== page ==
Philly police official: Union League confab arranged by Philly DA Seth Williams 'didn't feel right'
Federal prosecutors called Deputy Commissioner Joseph Sullivan as their lead-off witness for the second week of their bribery and corruption case against Williams.
The Philadelphia Police Department's top homeland security official testified Monday that he felt uncomfortable when District Attorney Seth Williams requested that they meet for a Union League lunch with a businessman whom federal law enforcement agents had warned them both to avoid.
Deputy Commissioner Joseph Sullivan told jurors that he purposely wore his flashiest dress uniform to that March 2013 meeting at the exclusive Center City social club to draw attention to himself and to signal to his lunch guests that he came only in an official capacity.
"It didn't feel right," Sullivan said. "I wanted to make sure that everyone would see me enter and see me leave and understand that this was official business, not some private meeting."
After he left, he said, he went directly to the FBI.
Federal prosecutors called Sullivan as their leadoff witness in the second week of their bribery and corruption case against Williams. They hoped his testimony would bolster their claims made last week that the district attorney's attempts to help Bucks County businessman Mohammad N. Ali went beyond what the defense has described as a constituent service that any elected official would offer.
Testifying over two days, Ali — who made millions selling prepaid cellphone cards and energy drinks – told jurors last week that he had cozied up to Williams and showered him with gifts worth thousands of dollars, including an all-expenses-paid trip to a luxury Dominican Republic resort, to enlist the district attorney's aid with legal woes including the secondary screening to which he was routinely subjected on return trips through Philadelphia International Airport.
Although Ali, Williams, and Sullivan didn't know it at the time, that extra scrutiny was tied to Ali's status as the potential target of an international money laundering investigation.
However, the deputy commissioner said Monday, when Williams first asked him to look into Ali's problem, he thought it was a legitimate law enforcement request. Sullivan testified that he took Williams at his word that he believed Ali to be the victim of racial profiling.
"When a request comes from the district attorney, I feel comfortable that there is validity to it," Sullivan testified. "He is the highest law enforcement official in the city of Philadelphia. If he makes a request, it goes to the top of the list."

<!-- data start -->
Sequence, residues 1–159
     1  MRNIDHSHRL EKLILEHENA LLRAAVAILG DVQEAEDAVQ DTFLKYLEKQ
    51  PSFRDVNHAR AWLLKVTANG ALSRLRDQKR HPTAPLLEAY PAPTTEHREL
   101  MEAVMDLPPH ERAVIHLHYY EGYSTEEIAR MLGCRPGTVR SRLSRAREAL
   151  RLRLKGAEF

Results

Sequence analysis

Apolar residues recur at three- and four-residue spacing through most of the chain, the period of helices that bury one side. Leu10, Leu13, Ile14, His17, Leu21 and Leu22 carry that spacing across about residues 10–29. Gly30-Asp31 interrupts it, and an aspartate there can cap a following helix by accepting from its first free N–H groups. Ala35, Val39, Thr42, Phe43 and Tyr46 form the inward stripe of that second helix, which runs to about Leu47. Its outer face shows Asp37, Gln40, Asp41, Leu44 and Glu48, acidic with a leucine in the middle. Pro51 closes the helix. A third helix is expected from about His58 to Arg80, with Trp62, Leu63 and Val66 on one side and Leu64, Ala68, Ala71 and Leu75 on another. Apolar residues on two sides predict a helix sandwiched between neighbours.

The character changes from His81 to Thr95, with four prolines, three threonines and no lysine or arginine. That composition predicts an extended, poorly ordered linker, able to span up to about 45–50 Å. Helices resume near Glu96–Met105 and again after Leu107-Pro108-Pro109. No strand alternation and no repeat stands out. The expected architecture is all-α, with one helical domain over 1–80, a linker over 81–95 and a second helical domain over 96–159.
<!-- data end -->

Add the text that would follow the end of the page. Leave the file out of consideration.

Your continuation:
Sullivan's efforts on behalf of Ali culminated in February 2012, when Ali let him know that he would be returning to the airport after a trip to the Dominican Republic. Sullivan, then a chief inspector, sent officers who met Ali at the terminal and escorted him through the screening process.
Only afterward, Sullivan testified Monday, was he notified by officials with U.S. Customs and Border Protection that there was "an issue" with Ali, although at the time those officials did not go into detail, Sullivan said.
"It could have just meant that he was on a particular watch list for a particular reason, as are hundreds of thousands of people," Sullivan said. "It didn't mean that there was an active investigation."
Still, CBP was clear in its message to avoid the situation – a warning that Sullivan told jurors he passed along to the district attorney.
So, when more than a year after that warning, Williams invited Ali and him to lunch, Sullivan said, he was concerned but attended only on the hope that the district attorney might have called the meeting to impart some new information about Ali's status.
No new information was forthcoming, said Sullivan, and both men made the same plea for his assistance again.
"I was uncomfortable," he said, adding that he later reported the meeting to his counterterrorism counterpart in the Philadelphia office of the FBI.
Again, he received a warning to stay away from Ali, Sullivan testified, and again he passed that on to Williams.
"I was a little angry at him," the deputy commissioner said. "My reputation is intact. My character is intact. … It's important that I not be in the company of people who would call my character into question."
In addition to the bribes he allegedly took from Ali, prosecutors have accused Williams, 50, of misusing government vehicles, misspending campaign cash. and siphoning funds meant for his mother's nursing home care. He also is charged with granting official favors in exchange for gifts from another businessman – Michael Weiss, co-owner of the iconic Center City gay bar Woody's — who is expected to testify later Monday.